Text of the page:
If the risk rate is equal to one then there

is no association between exposure and the disease or health outcome.

If the risk ratio or rate ratio is greater than one then the risk

in the exposed or rate in the exposed is greater than in the unexposed.

If the risk ratio or rate ratio is

less than one, then the risk in the exposed is lower than the unexposed.

For absolute measures of association, i.e.,

differences, if the risk difference is equal

to zero, then there is no association, i.e.,

the risk is the same in the both groups.

If the risk difference is greater than zero, then the

risk in the exposed is greater than in the unexposed.

And if the risk difference is less than zero, then the risk in the exposed is less

than in the unexposed.

Note that the null value for differences is zero

while for the ratios the null value is one.

Let's preface the topic of which measures of association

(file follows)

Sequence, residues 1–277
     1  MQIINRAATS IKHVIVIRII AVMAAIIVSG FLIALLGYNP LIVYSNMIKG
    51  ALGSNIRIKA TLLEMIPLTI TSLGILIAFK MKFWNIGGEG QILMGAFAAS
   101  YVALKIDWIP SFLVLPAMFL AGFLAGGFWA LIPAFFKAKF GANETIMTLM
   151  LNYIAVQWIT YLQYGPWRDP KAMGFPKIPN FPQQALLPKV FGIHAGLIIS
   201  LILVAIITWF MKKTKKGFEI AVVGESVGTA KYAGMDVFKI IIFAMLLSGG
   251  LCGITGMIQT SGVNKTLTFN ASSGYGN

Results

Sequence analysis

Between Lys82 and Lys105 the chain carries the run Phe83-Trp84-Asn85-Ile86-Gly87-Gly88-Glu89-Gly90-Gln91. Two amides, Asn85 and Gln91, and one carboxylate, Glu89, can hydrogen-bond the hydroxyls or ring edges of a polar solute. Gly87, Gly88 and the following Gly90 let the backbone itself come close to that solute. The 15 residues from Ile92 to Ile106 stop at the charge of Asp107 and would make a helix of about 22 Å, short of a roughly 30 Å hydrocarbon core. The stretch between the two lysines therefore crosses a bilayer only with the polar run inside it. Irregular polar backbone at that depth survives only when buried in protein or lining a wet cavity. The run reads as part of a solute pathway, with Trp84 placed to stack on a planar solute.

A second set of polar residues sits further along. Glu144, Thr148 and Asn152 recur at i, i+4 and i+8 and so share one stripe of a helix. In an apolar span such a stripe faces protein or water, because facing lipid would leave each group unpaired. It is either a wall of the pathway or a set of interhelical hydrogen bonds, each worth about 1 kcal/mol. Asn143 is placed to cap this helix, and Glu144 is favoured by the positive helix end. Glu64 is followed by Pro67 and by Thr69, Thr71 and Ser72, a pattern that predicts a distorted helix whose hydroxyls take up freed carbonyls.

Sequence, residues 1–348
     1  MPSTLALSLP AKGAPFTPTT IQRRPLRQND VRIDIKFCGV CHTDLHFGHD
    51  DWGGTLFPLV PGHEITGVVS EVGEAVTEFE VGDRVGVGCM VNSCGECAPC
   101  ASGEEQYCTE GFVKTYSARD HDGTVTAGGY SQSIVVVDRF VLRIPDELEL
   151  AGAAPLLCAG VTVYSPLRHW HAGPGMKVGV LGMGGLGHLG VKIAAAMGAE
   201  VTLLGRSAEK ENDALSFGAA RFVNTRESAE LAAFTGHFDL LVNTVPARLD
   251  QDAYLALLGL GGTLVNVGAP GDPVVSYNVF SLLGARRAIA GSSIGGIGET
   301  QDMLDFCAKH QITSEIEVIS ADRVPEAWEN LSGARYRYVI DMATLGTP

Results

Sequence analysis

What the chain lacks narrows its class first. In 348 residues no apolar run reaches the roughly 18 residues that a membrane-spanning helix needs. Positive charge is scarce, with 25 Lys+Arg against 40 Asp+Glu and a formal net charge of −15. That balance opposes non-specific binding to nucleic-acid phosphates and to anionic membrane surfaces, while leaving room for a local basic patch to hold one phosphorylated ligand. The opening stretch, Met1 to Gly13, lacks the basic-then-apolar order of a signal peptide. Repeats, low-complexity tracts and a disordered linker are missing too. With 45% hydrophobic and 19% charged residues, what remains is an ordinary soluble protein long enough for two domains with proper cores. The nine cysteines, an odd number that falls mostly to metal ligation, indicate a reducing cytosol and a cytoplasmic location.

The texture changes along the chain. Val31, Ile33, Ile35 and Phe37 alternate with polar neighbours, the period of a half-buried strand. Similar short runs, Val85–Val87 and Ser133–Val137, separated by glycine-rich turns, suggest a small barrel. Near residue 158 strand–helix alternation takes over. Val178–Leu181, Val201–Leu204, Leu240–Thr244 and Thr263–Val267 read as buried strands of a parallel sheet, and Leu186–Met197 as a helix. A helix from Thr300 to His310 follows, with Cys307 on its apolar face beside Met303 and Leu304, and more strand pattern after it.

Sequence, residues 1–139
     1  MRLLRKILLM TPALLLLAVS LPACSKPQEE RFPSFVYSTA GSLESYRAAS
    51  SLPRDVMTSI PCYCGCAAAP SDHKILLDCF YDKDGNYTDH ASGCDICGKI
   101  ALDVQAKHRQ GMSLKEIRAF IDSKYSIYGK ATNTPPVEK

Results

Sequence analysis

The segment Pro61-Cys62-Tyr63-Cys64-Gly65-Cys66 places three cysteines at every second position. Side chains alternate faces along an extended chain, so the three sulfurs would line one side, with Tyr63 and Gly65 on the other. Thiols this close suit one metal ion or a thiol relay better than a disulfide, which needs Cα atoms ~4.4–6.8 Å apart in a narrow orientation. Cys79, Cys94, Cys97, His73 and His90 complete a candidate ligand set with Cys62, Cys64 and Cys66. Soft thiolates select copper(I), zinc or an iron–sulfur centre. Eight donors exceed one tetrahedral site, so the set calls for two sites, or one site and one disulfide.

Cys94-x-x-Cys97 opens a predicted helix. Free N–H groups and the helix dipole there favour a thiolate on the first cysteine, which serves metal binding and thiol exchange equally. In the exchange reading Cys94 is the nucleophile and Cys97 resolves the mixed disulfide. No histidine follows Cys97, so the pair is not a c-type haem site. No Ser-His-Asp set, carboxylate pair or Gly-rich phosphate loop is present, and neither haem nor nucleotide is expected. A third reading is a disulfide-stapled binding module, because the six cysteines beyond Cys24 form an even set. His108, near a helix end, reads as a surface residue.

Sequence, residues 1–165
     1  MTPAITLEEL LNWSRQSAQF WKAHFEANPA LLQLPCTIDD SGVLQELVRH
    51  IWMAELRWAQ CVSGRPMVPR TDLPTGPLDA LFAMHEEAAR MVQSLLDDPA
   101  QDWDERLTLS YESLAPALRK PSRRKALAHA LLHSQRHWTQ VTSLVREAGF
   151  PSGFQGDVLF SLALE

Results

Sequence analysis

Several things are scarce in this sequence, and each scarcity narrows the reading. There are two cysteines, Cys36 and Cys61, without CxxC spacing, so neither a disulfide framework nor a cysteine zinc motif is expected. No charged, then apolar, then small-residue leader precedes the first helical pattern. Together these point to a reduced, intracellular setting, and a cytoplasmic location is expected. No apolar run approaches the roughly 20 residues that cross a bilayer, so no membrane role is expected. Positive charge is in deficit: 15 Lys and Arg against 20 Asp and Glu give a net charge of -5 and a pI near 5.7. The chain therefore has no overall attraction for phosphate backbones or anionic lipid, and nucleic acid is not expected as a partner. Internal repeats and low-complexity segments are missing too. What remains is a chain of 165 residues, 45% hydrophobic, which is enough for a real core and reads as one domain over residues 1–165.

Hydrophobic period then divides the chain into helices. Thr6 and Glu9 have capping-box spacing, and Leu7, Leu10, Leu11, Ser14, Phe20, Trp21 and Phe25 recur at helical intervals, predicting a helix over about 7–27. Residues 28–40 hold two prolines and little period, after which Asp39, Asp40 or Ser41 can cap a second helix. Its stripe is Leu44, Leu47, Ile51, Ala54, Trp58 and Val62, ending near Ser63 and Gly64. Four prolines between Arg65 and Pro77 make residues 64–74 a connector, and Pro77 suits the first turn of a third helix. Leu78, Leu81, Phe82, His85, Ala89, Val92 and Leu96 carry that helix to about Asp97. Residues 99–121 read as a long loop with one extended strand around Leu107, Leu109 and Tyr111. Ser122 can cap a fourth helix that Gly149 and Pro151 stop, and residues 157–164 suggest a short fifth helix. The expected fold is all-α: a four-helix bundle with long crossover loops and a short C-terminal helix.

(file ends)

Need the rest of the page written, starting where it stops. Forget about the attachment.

are commonly found with different types of study design by

first noting that all the measures of association we

have covered can be estimated in the cohort study design.

However, some of the other study designs

are not able to directly calculate risks and rates as you can in the cohort.

So, here is a table illustrating the measures of association

that can be commonly used for different types of study designs.

Note that prevalence and odds ratios and

differences are more commonly found with cross-sectional and

case-control studies, while risk and rate ratios and

differences are more commonly used with cohort studies.

Risks and rate ratios cannot be directly

calculated from case control and cross sectional studies.

This concludes the segment on interpreting measures of association.